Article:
Work has been hectic as of late, and I’m also in the midst of preparing for Dragon*Con. I don’t have as much new stuff planned out for this week as I had hoped, but have you checked out my essay series about multiculturalism in steampunk yet? And see the links below for more good things to read/watch/run in the streets shouting about.
Tag Archives: “southeast asia”
(aka “How I Steampunk”)
Conversations about cross-cultural fashion in steampunk have been commonly assessed from the perspective of a Western, Eurocentric viewer (i.e. taking something and making it “steampunk” is equated with Westernizing a non-Western garment). This viewpoint of fashion is focused on one-way consumption akin to an imperial culture appropriating from a colonized one: the viewpoint that has been prominent during the Age of Empire. Cultural exchange has many viewpoints, however, and fashion, being one of the most immediate forms of public display and consumption, is open to an array of influences that do not have to be connected to a limited, one-way Orientalist dynamic.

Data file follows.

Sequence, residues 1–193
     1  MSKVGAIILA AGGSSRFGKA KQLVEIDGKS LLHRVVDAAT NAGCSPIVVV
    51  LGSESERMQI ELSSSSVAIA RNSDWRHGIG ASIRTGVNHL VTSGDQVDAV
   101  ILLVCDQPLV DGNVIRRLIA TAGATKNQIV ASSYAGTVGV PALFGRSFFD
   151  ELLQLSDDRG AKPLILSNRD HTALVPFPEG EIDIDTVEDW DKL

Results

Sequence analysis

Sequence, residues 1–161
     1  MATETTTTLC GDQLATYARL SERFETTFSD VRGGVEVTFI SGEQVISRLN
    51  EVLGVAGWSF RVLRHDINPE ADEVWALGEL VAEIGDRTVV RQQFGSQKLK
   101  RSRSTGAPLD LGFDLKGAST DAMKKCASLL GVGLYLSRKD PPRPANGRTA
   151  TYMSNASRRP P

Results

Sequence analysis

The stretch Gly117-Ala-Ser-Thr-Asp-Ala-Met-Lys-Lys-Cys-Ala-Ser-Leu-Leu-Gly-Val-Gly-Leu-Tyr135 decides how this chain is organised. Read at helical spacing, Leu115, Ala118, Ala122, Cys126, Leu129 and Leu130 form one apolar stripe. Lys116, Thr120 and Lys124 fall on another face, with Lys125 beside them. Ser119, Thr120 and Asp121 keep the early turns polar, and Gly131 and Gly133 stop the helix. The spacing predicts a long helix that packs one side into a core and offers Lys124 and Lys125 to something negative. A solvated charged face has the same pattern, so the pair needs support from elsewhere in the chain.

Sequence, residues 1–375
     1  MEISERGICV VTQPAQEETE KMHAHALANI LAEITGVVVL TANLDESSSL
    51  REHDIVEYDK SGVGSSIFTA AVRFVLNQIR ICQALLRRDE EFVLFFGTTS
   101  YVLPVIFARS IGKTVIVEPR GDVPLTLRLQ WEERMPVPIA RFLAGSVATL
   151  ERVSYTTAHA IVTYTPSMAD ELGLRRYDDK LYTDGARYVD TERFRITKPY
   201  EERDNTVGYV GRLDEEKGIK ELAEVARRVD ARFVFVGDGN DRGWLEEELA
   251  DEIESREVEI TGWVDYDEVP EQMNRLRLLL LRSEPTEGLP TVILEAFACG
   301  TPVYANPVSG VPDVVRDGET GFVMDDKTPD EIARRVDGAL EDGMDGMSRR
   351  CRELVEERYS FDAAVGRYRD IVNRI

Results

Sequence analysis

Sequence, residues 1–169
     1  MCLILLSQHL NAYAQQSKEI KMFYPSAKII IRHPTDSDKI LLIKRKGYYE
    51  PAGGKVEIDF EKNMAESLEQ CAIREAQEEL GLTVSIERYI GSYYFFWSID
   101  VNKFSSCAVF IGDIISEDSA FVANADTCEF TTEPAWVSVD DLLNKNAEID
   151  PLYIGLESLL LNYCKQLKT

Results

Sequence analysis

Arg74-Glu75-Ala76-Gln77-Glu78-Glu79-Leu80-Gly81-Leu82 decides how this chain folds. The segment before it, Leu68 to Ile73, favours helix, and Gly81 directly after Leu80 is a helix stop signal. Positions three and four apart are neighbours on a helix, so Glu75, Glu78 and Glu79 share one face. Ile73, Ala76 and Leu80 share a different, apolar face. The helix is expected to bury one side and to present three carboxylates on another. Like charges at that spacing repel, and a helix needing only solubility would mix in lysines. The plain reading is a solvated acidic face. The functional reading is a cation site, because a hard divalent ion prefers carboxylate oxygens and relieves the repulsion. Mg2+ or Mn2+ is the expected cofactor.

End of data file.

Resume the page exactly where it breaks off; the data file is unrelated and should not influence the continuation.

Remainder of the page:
An example of this dynamic is the history behind the ao dai.
In all fairness, I probably should not have been reading and watching several other fun books before embarking on Paolo Bacigalupi’s Windup Girl. Or rather, putting Windup Girl down after the third, infuriating chapter and letting my resentment fester while reading more fun books and watching Avatar the Last Airbender.
Paolo Bacigalupi is clearly an excellent writer. (He has to be, after all, because he’s been published in plenty of places, and has been nominated for a Nebula.) Windup Girl is filled with suspense, with convoluted politics that only keen minds can cook up, with gritty scenarios that really show the worst of humanity. This is a world where economies run on calories for energy, where tinkering with genes in order to create food (hence, more calories) is a large-scale industry, where gene samples have all sorts of potential and are thus regarded as treasures. Windup Girl piqued my interest for one primary reason: it is set in a science-fictional Thailand, and I was curious to see how my neighbour would be treated. Of course, most people would be reading it for the story; I would be reading it to pick on details. If you don’t care about tiny details like accuracy, narrative trends and revisionism, move along right now. Steampunk Scholar Mike Perschon has a much more kinder review.